The new federal prohibition on surprise billing first went into effect on January 1, 2022 (and applies to plan years beginning on or after that date). The new rules prohibit providers from charging “out-of-network” rates for emergency care, air ambulance services, and all care by an "out-of-network" provider in an "in-network" facility. Any differences between what a provider charges in these circumstances and what a plan is willing to pay must be resolved between the provider and the health plan. If payment details cannot be settled on within 30 days of billing, either party may start the independent dispute resolution (IDR) process that utilizes a web-based portal maintained by the federal government. A new FAQ published last week by the Departments of Health and Human Services, Labor, and Treasury details how that process will work. Included below are several key points from the FAQs.
Plans and issuers seeking to use the federal IDR process to resolve a surprise bill are required to start a 30-day open negotiation period before initiating the IDR through the federal portal.
The federal portal for IDR requests was launched on January 1, 2022. As of this writing, it is available for uninsured (or self-pay) individuals. Over the next few weeks, the system will go “live” for plans, issuers, providers, facilities, and air ambulance services. Certified IDR entities will also be able to use the portal at that time.
Model notices are now available for both payers and providers to use during the fee negotiation process. Almost all actions by the IDR entity and parties need to be completed through the federal IDR portal.
The initial list of certified IDR entities is currently available online. The list will be updated on an ongoing basis, and newly certified entities will be added as approved.
The initiating party selects a certified IDR entity from the list on the federal IDR portal. The non-initiating party may then accept or reject the proposed certified IDR entity. Federal officials will randomly select a certified IDR entity when the parties cannot agree.
There are two fee types related to the IDR process. An administrative fee of $50 (for 2022) that each participating party must pay, and the IDR entity’s arbitration fee (which must be paid by the losing party). An IDR entity is permitted to charge between $200 to $500 for a single case, and can charge between $268 to $670 for batched determinations. Federal approval is needed if an IDR entity wants to charge more for a particular case.
Multiple claims can be batched together, but each included claim must meet the criteria for claims batching. Importantly, claims from different plans may not be batched together. Thus, for example, a TPA may not include claims related to different self-funded medical plans in a “batch” of claims.
Each party must pay the IDR entity fees upfront. The fee will be refunded to the prevailing party within 30 business days after the settling of the dispute. When determinations are batched, the party with the lowest number of findings in its favor is determined to be the non-prevailing party. The certified IDR entity fee will be split evenly if each party prevails in an equal number of determinations within a batched case.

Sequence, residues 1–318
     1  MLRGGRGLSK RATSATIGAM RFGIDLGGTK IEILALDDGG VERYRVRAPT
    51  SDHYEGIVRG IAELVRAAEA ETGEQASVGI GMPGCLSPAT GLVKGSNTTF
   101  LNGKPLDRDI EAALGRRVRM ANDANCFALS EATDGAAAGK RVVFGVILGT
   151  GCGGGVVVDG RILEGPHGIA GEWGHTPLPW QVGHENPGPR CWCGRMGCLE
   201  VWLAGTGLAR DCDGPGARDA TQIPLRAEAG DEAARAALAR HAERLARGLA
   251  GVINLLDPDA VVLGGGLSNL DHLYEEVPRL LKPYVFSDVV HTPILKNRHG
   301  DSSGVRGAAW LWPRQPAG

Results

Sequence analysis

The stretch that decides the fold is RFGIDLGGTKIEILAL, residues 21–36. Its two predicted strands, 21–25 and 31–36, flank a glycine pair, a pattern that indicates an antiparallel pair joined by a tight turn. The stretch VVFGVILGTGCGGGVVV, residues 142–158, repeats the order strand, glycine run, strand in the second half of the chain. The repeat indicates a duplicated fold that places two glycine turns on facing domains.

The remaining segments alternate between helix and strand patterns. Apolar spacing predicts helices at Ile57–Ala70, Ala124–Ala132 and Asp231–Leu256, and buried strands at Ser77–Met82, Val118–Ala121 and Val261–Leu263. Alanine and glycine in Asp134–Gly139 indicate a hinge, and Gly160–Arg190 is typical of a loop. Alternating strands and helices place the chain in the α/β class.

If a settlement is reached by the parties after a certified IDR entity has been selected and started its review, each party must pay half of the IDR entity’s fee (unless the parties agree otherwise). The administrative fee paid by the parties will not be refunded.
The federal IDR process is a document-based review. Both parties will submit all required information and supporting documents to their IDR entity, and the arbitrator will make their determination based on those materials alone.
The information that must be submitted to the IDR entity includes the final offer of payment expressed as both a dollar amount and a percentage of the qualifying payment amount (QPA). The QPA for the applicable year for the same/similar items or services must also be submitted. Providers or facilities need to include the size of their practice or facility, their specialty, and their coverage area. Plans and issuers must include the coverage area of the plan or issuer, the relevant geographic region for purposes of the QPA, and whether the coverage is fully insured or self-funded.
Certified IDR entities have 30 business days after selection to settle the dispute. The external review process for coverage disputes between individuals and plans or issuers remains in place. The federal IDR process involves disputes regarding payment amounts between providers, facilities, or providers of air ambulance services and plans or issuers. No coverage determinations are made by IDR entities.
Fully insured groups will generally rely on their health insurance carrier to handle surprise billing issues. It is important to review all contracts to ensure this division of responsibility is reflected. Self-funded group plans should develop parameters with their third-party administrators regarding the negotiation process, a strategy for proposed fee payments, and how an IDR claim is to be handled. Groups with January 1 plan years are beginning to see affected claims. These details should be resolved soon and likely need to be reflected in an amendment to the group’s administrative services agreement.